The use of three-dimensional (3D) printing techniques to address challenging fabrication problems has become mainstream over the past decade. While this rich resource has extended fabrication of personalized medical devices to the limit of our imagination, the myriad materials and morphologies available present a unique concern from a toxicological perspective. A range of standalone 3D printers are commercially available with compatible materials ranging from plastics to oxides and metals. Raw materials used in the fabrication process often have highly customized properties, achieved through the use of proprietary additives and specific microscale morphologies which can affect the overall biocompatibility of the finished device. Therefore, 3D printed medical devices require versatile approaches to the assessment of their biocompatibility that consider several factors which will be addressed in this document:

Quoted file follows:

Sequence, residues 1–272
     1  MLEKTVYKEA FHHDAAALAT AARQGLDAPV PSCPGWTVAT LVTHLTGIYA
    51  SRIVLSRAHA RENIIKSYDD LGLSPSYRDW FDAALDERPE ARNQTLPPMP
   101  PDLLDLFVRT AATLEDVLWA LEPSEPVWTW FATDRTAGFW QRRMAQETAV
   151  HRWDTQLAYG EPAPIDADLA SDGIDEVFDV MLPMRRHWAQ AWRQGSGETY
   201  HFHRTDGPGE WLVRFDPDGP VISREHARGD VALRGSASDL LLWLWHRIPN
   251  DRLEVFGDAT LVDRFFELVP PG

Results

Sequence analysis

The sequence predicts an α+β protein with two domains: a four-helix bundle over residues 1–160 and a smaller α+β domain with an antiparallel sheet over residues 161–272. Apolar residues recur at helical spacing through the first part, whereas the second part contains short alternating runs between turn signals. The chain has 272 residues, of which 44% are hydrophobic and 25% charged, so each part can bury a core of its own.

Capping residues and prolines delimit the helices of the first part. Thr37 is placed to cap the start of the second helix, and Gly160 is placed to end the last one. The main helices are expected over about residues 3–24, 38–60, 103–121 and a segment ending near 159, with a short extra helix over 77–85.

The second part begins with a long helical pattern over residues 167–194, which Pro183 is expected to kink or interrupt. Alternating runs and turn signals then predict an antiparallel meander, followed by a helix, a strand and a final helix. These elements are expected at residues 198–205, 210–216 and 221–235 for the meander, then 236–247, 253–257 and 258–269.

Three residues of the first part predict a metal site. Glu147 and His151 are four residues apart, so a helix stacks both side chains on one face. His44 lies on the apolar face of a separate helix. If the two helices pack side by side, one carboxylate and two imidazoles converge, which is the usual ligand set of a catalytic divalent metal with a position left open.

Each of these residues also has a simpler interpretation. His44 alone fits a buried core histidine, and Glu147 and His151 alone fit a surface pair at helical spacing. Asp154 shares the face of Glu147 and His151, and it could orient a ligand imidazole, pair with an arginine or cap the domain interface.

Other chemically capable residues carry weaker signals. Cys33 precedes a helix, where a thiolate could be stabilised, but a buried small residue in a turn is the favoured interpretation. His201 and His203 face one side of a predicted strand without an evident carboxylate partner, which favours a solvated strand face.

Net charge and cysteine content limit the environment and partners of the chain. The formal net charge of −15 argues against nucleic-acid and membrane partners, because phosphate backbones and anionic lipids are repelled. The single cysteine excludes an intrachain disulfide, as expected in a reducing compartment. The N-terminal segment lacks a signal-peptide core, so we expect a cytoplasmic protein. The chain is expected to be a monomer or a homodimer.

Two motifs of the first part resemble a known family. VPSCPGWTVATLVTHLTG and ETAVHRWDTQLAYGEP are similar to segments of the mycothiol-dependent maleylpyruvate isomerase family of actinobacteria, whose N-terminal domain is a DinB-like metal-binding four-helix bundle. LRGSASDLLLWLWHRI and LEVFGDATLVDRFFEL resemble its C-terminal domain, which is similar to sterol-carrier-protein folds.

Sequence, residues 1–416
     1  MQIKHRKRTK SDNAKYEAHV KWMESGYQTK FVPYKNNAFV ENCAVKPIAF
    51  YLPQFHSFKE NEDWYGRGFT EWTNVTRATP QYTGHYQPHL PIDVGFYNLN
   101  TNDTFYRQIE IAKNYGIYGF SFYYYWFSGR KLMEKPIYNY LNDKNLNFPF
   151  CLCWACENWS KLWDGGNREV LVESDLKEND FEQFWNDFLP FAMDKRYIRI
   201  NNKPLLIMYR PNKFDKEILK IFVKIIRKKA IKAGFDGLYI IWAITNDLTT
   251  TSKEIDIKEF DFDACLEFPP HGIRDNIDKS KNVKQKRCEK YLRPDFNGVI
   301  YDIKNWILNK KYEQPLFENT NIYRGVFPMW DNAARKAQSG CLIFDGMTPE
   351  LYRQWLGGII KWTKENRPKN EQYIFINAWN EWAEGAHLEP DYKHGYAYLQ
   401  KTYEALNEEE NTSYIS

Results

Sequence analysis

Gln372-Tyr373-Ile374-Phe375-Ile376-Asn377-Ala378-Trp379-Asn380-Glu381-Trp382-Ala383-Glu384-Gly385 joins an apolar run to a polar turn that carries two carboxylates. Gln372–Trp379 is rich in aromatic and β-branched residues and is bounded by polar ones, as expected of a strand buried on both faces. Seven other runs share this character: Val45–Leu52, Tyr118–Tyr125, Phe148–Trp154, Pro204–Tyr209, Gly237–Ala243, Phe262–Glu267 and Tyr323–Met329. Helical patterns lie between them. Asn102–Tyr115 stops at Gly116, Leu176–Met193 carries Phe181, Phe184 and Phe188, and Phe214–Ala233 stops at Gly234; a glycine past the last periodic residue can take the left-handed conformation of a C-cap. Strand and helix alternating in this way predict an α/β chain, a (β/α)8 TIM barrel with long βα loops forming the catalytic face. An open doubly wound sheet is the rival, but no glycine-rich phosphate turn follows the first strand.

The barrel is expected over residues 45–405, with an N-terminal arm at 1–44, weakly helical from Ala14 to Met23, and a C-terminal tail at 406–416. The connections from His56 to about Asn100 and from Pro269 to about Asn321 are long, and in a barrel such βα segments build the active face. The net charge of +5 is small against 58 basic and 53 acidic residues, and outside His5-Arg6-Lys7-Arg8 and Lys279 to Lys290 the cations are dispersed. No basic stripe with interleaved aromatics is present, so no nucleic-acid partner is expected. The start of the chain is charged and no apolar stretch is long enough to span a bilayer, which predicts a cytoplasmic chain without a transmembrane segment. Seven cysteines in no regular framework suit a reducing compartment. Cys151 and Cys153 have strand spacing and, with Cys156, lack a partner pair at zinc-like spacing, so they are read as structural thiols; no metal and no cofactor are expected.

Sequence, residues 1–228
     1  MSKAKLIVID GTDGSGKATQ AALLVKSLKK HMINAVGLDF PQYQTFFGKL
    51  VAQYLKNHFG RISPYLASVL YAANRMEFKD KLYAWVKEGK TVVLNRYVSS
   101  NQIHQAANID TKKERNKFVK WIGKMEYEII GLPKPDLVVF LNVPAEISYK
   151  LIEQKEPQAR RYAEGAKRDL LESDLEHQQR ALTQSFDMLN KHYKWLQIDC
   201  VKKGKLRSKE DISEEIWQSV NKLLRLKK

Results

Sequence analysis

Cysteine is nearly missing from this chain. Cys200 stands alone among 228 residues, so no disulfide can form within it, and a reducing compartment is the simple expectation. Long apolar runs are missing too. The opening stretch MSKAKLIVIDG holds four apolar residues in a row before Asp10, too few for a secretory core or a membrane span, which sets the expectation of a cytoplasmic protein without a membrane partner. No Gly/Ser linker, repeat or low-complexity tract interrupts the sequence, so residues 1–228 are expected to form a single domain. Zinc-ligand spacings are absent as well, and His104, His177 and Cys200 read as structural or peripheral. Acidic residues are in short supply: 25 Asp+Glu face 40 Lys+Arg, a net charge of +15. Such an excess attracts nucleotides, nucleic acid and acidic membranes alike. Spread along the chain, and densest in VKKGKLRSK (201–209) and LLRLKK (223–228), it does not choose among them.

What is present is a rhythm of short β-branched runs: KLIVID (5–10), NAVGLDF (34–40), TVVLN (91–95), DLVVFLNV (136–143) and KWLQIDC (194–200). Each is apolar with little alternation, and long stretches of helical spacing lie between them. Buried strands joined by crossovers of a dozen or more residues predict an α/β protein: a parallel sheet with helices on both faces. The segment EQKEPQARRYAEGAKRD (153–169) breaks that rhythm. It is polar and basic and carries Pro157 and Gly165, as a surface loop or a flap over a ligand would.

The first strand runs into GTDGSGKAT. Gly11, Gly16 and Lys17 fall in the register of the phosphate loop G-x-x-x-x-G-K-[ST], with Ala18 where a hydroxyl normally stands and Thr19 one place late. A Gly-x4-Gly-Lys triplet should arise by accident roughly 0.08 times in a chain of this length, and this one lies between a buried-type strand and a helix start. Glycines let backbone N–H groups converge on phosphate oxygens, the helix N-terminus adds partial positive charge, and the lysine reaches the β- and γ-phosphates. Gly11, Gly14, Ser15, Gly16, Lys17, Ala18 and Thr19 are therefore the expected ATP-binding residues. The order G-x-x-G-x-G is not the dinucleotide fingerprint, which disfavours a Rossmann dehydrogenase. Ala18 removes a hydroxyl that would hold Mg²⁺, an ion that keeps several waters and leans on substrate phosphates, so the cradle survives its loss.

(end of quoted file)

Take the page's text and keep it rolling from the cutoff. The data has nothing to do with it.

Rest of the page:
- Possible additives to raw materials which enhance workability
- Details of the material curing process
- Post-printing finishing and rinsing processes
- Time allowed for aeration between device manufacture and use
This whitepaper was written by Matthew R. Jorgensen, PhD.
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